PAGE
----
GSMA outlines the 5G future in new report

New study explores the technical requirements, use cases and implications for the mobile ecosystem and attempts to outline what aspects of 5G are evolutionary and which are a true generational shift

GSMA outlines the 5G future in new report

The GSMA has released a major new report at the GSMA Mobile 360-Europe event being held in Brussels today (8 December 2014), outlining its perspectives on the development of 5G.

The new GSMA Intelligence report, Understanding 5G: Perspectives on Future Technological Advancements in Mobile, provides an overview of network technology innovation today and how this is setting the agenda for the 5G future.

It outlines the technical requirements of future 5G networks and explores potential use cases as well as the implications for operators and other mobile ecosystem players.

“Already being widely discussed, the arrival of 5G will help deliver a fresh wave of mobile innovation that will further transform the lives of individuals, businesses and societies around the world,” said Anne Bouverot, director general, GSMA.

“Of course, 5G is still to be standardised by the industry and it has not been fully agreed what 5G will look like or what it will enable. However, the GSMA is already collaborating with operators, vendors, governments and other industry organisations in ensuring that the future 5G standard is both technically and economically viable.”

Understanding 5G
The new GSMA report provides clarity on the industry’s evolutionary path towards 5G and addresses many of the misconceptions around 5G. It examines the two main views on 5G that exist today, which are frequently mixed together to form the basis of the 5G definition:

View 1 – The hyper-connected vision:
In this view, 5G is seen as a blend of existing technologies (2G, 3G, 4G, Wi-Fi and others) that can deliver greater coverage and availability, higher network density in terms of cells and devices, and the ability to provide the connectivity that enables machine-to-machine (M2M) services and the Internet of Things.

View 2 – Next-generation radio access technology:
This perspective outlines 5G in ‘generational’ terms, setting specific targets that new radio interfaces must meet in terms of data rates (faster than 1Gbps downlink) and latency (less than 1ms delay).

These two views identify eight core technical requirements for 5G that set targets for: data rate; latency; network densification (both number of connections and number of cells); coverage; availability; operational expenditure reduction; and the field life of devices.

However, only two of these – data rates and latency – relate to a true generational shift, with the remaining six being either economic objectives or aspirations applicable to all network technologies.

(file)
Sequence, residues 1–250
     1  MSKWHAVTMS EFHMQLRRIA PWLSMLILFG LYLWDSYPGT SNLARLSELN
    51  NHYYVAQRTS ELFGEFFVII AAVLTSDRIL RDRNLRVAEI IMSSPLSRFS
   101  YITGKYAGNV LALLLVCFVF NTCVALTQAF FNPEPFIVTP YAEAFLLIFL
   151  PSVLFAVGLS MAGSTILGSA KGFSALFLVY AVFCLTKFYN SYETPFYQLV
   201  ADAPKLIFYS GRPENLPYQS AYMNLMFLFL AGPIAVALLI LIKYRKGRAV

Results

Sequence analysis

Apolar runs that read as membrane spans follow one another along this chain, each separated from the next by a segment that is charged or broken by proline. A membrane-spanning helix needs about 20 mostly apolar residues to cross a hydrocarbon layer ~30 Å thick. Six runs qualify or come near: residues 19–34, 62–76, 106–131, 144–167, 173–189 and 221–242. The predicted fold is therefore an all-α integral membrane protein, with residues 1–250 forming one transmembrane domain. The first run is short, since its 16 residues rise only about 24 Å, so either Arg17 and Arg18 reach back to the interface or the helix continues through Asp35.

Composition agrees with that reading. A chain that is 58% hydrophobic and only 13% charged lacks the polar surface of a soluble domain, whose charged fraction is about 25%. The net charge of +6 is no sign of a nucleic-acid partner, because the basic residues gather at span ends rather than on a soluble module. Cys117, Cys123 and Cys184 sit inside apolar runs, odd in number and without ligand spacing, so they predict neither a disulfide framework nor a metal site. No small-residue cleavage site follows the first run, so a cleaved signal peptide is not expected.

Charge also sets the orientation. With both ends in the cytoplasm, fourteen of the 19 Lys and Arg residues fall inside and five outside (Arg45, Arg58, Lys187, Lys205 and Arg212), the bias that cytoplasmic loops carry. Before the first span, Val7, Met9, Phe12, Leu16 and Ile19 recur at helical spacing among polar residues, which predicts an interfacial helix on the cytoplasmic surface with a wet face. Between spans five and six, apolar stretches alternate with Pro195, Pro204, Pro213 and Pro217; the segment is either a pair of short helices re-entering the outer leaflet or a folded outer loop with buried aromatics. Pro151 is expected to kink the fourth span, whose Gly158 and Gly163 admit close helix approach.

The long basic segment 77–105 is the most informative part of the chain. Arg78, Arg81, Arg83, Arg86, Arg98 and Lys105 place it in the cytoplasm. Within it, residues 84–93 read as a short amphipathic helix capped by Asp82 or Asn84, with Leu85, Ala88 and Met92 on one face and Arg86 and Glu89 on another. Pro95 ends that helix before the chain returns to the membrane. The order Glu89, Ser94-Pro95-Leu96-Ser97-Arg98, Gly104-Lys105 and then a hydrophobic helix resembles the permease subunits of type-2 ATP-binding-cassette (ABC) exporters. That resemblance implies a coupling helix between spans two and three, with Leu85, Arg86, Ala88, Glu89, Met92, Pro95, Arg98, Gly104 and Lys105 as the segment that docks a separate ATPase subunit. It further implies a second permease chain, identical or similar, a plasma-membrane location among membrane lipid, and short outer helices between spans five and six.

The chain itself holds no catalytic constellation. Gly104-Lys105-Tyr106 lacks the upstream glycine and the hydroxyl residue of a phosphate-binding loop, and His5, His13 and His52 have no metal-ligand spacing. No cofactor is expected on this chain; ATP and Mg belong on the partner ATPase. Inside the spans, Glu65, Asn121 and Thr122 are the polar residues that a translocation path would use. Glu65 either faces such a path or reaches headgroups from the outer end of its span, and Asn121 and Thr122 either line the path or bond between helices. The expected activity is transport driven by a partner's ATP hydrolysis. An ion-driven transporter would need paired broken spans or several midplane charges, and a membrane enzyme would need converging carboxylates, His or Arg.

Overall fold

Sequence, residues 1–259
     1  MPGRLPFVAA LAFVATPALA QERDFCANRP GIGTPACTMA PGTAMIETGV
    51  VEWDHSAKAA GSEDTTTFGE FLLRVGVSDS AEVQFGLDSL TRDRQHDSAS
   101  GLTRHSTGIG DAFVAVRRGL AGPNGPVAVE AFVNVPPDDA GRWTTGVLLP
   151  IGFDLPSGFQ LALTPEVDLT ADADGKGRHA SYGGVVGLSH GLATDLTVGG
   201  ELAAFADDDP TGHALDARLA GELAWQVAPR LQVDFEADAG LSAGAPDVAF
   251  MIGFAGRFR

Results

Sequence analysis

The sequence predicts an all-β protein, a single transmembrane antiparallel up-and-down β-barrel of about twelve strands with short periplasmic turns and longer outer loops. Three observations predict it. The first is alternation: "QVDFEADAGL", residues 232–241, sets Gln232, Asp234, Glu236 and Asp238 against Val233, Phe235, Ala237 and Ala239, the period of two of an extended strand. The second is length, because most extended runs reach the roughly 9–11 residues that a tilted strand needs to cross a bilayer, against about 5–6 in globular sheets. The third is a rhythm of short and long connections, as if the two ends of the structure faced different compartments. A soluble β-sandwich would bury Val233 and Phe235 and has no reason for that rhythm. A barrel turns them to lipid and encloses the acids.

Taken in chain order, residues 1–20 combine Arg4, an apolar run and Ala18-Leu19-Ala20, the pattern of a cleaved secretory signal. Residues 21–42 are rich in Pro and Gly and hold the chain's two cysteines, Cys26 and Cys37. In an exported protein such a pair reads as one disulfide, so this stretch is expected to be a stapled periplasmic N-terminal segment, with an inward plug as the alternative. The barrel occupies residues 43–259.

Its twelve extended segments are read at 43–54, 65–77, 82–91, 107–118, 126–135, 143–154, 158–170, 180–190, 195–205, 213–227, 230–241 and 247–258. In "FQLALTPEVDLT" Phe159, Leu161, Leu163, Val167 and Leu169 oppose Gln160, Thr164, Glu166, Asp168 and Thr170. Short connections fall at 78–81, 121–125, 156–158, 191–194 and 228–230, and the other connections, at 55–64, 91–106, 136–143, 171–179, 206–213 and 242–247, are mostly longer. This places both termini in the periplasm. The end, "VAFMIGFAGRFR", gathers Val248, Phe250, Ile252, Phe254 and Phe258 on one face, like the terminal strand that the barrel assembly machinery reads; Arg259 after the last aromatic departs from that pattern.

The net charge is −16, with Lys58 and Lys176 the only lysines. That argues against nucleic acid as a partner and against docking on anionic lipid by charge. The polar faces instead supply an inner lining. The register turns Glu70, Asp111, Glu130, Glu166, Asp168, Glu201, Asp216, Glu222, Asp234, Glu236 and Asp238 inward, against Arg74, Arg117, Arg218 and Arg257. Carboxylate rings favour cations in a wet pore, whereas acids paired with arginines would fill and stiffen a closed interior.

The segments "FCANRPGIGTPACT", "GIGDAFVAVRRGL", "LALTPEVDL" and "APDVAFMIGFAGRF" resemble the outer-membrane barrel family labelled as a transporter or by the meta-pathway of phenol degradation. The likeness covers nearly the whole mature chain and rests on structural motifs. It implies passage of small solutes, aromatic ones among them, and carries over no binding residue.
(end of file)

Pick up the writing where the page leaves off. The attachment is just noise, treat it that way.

The evolution from 4G to 5G
Many of the 5G technical requirements already form part of the network innovations being undertaken by operators today. For example, technologies such as network functions virtualisation (NFV), software-defined networks (SDN), heterogeneous networks (HetNets) and Low Power, Low Throughput networks are being bundled under the title of 5G despite the fact that they are already being brought to market by vendors and deployed by operators.

Meanwhile, there remains considerable opportunity for growth in 4G, which still only accounts for 5% of the world’s mobile connections. 4G penetration as a percentage of connections is already as high as 69% in South Korea, 46% in Japan and 40% in the US, but 4G penetration in the developing world stands at just 2%.

According to the report, mobile operators will invest US$1.7 trillion globally in network infrastructure over the period 2014-2020, much of which will be spent on 4G networks.

Exploring 5G use cases
Applications that require at least one of the two key 5G technical requirements (greater than 1 Gbps downlink and sub-1ms latency) can be considered a true 5G use case. Because 5G is at an early stage there may be many use cases that will emerge over the coming years that we cannot anticipate today.

However, the report highlights a number of use cases that will offer an optimum experience within the 5G environment:

• Virtual reality/augmented reality/immersive or tactile internet, such as gaming, wearable tech or health services
• Autonomous driving/connected cars
• Wireless cloud-based office/multi-person videoconferencing.

Collaborating to set the 5G agenda
As the association representing the mobile industry, the GSMA will play a significant role in shaping the strategic, commercial and regulatory development of the 5G ecosystem. This will include areas such as the definition of roaming and interconnect in 5G, and the identification and alignment of suitable spectrum bands.

Once a stable definition of 5G is reached, the GSMA will work with its members to identify and develop commercially viable 5G applications

“Our new report aims to reset the discussion on 5G, drawing the distinction between a true generational shift versus the on-going evolution of existing technologies that are already delivering a next-generation mobile experience,” added Bouverot.

“The GSMA will support the industry to continue to innovate and grow, working in close collaboration with our members, the wider mobile ecosystem, governments and other industry organisations to deliver a digital future for all.”

The new GSMA Intelligence report, Understanding 5G: Perspectives on Future Technological Advancements in Mobile is available to download at https://gsmaintelligence.com/files/analysis/?file=141208-5g.pdf

 

 

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